Besides, isn’t it true that promotion is expensive? I will be the least expensive author of the publishing house. I’ll spare you even my presence.
Warmly, Elena

James Dickey : One of the difficulties in writing poetry is to maintain your sense of excitement

INTERVIEWER

How can a young poet know if his work is really worthwhile?

m-530

image source : internet

DICKEY

You never know that. I don’t know it; Robert Lowell doesn’t know it; John Berryman didn’t know it; and Shakespeare probably didn’t know it. There’s never any final certainty about what you do. Your opinion of your own work fluctuates wildly. Under the right circumstances you can pick up something that you’ve written and approve of it; you’ll think it’s good and that nobody could have done exactly the same thing. Under different circumstances, you’ll look at exactly the same poem and say, “My Lord, isn’t that boring.” The most important thing is to be excited about what you are doing and to be working on something that you think will be the greatest thing that ever was. One of the difficulties in writing poetry is to maintain your sense of excitement and discovery about what you write. American literature is full of people who started off excited about poetry and their own contribution to it and their own relationship to poetry and have had, say, a modicum of success and have just gone on writing poetry as a kind of tic, a sort of reflex, when they’ve lost all their original excitement and enthusiasm for what they do. They do it because they have learned to do it, and that’s what they do. You have to find private stratagems to keep up your original enthusiasm, no matter what it takes. As you get older, that’s tougher and tougher to do. You want to try to avoid, if you possibly can, the feeling of doing it simply because you can do it.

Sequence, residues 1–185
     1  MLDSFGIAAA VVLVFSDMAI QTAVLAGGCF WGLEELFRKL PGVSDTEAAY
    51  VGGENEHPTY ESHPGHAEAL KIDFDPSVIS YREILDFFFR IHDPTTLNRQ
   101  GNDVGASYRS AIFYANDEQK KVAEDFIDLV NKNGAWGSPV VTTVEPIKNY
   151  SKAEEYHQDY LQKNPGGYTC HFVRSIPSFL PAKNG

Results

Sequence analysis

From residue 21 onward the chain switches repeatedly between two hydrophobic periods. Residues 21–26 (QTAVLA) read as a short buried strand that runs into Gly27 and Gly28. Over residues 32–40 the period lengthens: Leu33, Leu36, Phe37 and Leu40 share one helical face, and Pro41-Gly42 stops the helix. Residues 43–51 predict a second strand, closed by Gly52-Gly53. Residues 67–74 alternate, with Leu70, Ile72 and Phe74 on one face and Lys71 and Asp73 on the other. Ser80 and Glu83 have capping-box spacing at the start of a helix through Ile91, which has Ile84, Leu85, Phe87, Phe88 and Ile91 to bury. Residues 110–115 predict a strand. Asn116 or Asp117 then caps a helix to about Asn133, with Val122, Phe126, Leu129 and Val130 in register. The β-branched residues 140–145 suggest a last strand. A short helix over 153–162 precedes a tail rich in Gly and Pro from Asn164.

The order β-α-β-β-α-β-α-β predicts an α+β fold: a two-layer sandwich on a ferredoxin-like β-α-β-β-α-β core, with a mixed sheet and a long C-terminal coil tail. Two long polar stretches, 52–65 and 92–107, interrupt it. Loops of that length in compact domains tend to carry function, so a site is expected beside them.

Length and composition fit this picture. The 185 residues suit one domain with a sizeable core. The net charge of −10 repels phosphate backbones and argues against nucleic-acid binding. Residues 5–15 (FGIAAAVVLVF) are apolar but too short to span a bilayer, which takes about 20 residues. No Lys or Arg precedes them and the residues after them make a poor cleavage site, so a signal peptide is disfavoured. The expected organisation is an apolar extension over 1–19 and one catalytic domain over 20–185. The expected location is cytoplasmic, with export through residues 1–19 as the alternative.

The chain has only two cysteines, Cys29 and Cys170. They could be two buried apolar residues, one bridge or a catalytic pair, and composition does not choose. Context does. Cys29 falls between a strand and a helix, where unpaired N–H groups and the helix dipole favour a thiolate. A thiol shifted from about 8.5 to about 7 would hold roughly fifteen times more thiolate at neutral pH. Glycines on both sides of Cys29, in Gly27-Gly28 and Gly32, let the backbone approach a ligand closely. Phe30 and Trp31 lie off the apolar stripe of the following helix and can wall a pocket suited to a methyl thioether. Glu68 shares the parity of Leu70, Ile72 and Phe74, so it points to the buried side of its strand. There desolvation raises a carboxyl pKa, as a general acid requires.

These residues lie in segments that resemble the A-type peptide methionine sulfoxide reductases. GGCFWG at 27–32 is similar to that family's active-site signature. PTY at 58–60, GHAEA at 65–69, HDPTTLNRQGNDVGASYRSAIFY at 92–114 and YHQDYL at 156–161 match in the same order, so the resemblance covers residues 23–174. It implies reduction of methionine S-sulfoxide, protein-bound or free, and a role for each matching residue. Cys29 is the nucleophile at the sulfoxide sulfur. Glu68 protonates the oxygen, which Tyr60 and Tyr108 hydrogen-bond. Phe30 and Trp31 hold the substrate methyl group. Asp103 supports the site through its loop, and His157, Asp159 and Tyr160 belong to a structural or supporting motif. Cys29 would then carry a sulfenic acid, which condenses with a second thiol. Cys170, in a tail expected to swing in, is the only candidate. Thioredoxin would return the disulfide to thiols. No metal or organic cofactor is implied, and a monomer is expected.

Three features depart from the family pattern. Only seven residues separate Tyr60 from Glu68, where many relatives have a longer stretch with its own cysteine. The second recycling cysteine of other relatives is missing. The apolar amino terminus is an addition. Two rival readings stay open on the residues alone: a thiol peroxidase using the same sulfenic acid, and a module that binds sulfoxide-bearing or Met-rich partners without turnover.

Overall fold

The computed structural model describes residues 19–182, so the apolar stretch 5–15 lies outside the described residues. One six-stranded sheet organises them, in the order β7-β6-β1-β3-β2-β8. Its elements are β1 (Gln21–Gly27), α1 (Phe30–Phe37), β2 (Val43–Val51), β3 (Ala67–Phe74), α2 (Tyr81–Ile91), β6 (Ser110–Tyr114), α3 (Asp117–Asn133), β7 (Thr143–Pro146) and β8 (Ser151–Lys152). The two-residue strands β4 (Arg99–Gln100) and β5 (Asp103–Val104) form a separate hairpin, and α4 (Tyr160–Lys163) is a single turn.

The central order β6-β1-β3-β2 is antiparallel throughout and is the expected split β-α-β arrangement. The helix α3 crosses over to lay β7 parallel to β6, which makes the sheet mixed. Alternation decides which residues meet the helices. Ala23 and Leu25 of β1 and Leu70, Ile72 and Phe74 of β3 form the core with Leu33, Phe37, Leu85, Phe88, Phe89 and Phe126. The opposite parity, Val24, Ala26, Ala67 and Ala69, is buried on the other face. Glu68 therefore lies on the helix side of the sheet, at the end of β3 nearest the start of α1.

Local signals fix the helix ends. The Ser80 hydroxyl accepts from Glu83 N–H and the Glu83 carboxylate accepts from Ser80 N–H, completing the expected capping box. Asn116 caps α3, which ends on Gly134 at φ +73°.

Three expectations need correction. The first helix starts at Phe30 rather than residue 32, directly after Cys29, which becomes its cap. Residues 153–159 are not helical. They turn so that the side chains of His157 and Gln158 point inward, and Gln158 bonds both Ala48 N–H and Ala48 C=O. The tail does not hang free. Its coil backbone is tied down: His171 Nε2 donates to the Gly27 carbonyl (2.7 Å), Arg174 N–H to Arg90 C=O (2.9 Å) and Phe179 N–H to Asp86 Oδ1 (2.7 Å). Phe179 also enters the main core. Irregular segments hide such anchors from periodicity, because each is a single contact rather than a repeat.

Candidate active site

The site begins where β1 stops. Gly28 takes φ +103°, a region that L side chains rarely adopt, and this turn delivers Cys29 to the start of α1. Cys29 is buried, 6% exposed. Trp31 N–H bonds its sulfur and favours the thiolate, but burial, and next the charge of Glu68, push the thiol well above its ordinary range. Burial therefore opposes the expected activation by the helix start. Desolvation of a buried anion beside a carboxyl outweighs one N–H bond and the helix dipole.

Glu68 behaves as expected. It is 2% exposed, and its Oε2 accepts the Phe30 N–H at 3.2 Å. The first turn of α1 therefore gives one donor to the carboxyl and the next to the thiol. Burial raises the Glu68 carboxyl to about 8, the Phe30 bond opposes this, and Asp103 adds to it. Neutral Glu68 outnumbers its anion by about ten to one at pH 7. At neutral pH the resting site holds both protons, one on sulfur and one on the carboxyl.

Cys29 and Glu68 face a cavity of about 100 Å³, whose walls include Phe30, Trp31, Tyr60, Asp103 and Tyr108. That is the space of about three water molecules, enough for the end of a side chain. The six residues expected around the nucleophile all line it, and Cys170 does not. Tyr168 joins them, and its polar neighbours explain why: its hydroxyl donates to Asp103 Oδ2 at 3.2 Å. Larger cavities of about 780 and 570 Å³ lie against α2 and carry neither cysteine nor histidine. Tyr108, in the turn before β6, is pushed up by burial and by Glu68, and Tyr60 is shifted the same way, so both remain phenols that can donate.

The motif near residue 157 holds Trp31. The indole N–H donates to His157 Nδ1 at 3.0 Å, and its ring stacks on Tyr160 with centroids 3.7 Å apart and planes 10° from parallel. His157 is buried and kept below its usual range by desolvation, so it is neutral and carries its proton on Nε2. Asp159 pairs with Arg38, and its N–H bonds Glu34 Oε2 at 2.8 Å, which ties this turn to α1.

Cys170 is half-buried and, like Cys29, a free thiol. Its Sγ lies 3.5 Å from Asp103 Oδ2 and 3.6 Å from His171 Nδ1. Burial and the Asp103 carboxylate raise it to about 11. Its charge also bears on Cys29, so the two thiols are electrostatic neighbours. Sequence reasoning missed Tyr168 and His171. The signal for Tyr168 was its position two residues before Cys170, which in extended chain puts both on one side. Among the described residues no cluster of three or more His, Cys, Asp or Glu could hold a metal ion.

Source:  https://www.theparisreview.org/interviews/3741/james-dickey-the-art-of-poetry-no-20-james-dickey

Wislawa szymborska : some tragedies can’t be talk with a sense of humour